Summer construction a success
By Aimee Eaton
A summer of swinging hammers and running up and down scaffolding has brought the student-built home at 906 Butte Avenue in Crested Butte near completion.
The town commissioned the 1,000-square-foot, two-story home for affordable employee housing, and worked with engineering and architecture students at the Crested Butte Community School to see the project designed and built on a town-owned micro lot.
“This project was an opportunity for the students and the town to see what could be done on a small lot,” said CBCS teacher and mastermind of the project Todd Wasinger. “There were limitations in designing for the space, but it was also an opportunity for the students to work creatively with professionals in the design and architecture field and at town hall.”
Students in Wasinger’s design build class worked throughout the 2016-17 school year to draft plans for the house, have them approved by the client (in this case the town of Crested Butte), and then have all their plans and drawings stamped for approval by professional inspectors and the town Board of Zoning and Architectural Review.
That process took them through the spring, and then in June under the tutelage of Wasinger and CBCS fundamentals of construction teacher Adam Ofstedahl, they broke ground on construction of the house, which has two bedrooms and a full bath on the bottom floor and a living space and kitchen on the top.
“We had 16 students total working on the house this summer, but we tried to break them into crews of five or six,” said Wasinger. “We offered it as a half-credit class through the Summer Experience and it was supported and overseen by John Stock and his crew at High Mountain Concepts. Our biggest accomplishment besides building the house is that our safety record was perfect. No one got hurt—we got splinters, but not even many of those.”
Students were involved with the majority of the components for the summer construction; however, the decision was made to contract out much of the licensed work such as plumbing and electrical, said Wasinger. The roofing and the foundation slab were also hired out.
“When we saw the concrete in the ground, I knew we were all-in and that we were going to be there building through the summer,” said Wasinger of the first stages of construction. “With John Stock’s help and his crews we had the first-story walls framed and ready to go up the first week we were out there.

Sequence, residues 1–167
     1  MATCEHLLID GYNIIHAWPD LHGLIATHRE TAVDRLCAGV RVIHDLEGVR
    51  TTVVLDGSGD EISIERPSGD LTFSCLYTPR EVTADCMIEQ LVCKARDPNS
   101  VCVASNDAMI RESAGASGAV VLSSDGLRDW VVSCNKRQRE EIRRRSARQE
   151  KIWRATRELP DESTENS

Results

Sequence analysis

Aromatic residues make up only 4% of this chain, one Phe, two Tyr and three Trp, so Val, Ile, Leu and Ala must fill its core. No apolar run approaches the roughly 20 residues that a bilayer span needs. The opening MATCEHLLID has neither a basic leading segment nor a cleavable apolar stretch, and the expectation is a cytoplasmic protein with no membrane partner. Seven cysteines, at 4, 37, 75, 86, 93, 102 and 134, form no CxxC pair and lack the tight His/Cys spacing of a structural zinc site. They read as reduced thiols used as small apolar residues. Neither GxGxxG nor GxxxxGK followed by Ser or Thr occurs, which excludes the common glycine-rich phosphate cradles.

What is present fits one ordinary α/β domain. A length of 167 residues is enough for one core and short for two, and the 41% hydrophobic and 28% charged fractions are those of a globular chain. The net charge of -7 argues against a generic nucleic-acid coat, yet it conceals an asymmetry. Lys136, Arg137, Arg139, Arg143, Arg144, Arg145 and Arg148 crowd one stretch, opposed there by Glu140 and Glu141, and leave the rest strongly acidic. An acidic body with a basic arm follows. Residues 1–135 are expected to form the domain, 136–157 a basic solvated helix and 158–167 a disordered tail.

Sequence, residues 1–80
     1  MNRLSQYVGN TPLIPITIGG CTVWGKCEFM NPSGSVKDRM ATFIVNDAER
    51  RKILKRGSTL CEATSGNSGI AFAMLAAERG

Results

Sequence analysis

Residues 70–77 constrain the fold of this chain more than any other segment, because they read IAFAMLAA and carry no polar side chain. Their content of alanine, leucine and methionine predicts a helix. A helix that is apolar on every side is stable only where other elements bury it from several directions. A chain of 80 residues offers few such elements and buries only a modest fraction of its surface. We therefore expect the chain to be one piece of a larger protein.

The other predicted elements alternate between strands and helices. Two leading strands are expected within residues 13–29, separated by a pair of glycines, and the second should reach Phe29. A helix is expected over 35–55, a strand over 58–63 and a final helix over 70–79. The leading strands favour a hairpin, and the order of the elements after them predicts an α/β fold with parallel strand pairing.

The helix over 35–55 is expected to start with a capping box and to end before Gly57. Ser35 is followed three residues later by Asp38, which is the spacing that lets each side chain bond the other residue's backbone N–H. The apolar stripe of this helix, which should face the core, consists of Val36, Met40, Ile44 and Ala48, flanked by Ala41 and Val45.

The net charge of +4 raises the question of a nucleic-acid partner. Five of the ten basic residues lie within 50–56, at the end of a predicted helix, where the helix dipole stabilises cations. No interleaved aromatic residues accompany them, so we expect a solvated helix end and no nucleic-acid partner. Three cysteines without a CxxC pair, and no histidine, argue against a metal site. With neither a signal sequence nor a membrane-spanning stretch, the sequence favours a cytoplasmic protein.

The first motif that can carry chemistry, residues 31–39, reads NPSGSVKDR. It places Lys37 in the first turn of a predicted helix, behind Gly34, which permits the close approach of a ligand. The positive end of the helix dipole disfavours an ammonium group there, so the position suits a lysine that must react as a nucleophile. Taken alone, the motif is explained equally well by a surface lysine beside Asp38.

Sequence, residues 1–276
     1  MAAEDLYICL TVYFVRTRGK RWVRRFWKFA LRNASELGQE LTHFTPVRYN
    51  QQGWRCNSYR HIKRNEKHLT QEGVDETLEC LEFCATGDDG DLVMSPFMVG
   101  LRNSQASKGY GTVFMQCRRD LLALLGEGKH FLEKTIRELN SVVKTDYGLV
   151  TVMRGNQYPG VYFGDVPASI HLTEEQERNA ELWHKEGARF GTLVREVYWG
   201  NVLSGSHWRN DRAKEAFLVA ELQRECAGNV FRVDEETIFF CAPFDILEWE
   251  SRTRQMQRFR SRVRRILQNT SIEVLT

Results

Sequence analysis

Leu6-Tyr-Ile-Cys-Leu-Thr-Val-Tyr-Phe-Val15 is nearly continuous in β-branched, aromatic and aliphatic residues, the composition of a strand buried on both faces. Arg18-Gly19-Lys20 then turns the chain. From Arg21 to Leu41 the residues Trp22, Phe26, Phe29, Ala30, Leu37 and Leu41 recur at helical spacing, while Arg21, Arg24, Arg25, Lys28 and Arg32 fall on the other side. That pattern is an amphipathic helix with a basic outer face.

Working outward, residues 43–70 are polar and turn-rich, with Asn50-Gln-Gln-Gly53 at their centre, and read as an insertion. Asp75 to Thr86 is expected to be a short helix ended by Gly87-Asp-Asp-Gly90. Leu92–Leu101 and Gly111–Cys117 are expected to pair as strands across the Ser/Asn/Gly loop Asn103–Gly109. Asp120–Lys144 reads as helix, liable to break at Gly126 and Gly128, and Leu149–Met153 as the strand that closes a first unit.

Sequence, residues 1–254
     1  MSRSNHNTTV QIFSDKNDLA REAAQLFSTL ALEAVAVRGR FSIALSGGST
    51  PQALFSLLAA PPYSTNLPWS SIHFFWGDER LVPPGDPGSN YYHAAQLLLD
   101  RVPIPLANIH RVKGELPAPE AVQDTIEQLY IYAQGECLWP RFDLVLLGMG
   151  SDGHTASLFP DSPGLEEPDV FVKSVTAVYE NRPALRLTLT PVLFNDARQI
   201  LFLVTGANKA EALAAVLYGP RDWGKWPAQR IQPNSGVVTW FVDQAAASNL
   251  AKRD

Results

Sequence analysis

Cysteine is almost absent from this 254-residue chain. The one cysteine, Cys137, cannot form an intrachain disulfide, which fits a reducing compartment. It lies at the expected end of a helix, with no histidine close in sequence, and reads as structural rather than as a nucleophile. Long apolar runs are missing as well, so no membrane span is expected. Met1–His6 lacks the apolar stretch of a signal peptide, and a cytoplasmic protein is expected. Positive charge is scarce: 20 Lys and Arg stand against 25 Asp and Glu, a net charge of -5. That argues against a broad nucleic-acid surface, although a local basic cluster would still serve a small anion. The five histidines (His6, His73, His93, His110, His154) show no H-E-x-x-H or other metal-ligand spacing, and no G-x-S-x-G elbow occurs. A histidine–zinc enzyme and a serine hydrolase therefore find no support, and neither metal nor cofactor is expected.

“We’ve had a lot of fun out here, and seeing the kids learning through the steps has been impressive,” Wasinger continued. “It wouldn’t have happened without all the professionals involved.”
While the outside of the house, the major systems, and all the indoor framing were largely completed by the beginning of the school year, the house’s interior still needs some work.
“We set it up so this year’s class is sixth period, so we get lunch and sixth period together to get one and half hours on the site per day,” said Wasinger. “By the time we’re set up it’s about an hour of work time.”
Town and Wasinger are aiming to get a certificate of occupancy for the property before January. In the hour a day before then, drywall, trim, floors, fixtures, detail work, painting and a hundred other small jobs need to be completed. Some of those jobs will be hired out, said Wasinger, but as many as possible will be left to the students.
“The professionals and consultants have made this a great experience for the students,” said Wasinger. “It was something where once those guys were on site they were actively teaching the students and making things happen. We were also very fortunate to have the support of the town, the school and the PTA. The PTA purchased all the construction tools that we used on-site; it was a really incredible donation and we couldn’t have done it without them.”
While the house will be a private residence, Wasinger said he was hoping to hold some sort of open house prior to an occupant moving in.
“My final vision is to have a last supper where all the students who worked on the house get together and make dinner in the kitchen,” said Wasinger. “But we still have a lot of work to do and we’ll see what happens.”
Crested Butte community development director Michael Yerman said several town employees have already expressed interest in the house, and he would have no problem living in there himself.
“The overall design and craftsmanship of the students’ work product is impressive,” Yerman said. “While there were definitely bumps in laying out the program and logistics, the students’ ability to problem-solve and their work ethic allowed this project to be a successful model of a collaborative effort to solve the town’s biggest issue of providing affordable housing. I’m excited to see this program grow in the coming years.”
Yerman added that because the students were one of the first groups to build on a micro lot, the work they did and the problems they solved will continue to provide insight into the processes and challenges of building on a small lot—something that could potentially happen in greater frequency as the town looks to get creative with developments.
The town will formally recognize the work done by Wasinger, Ofstedahl and Stock on the student build at its November 6 council meeting.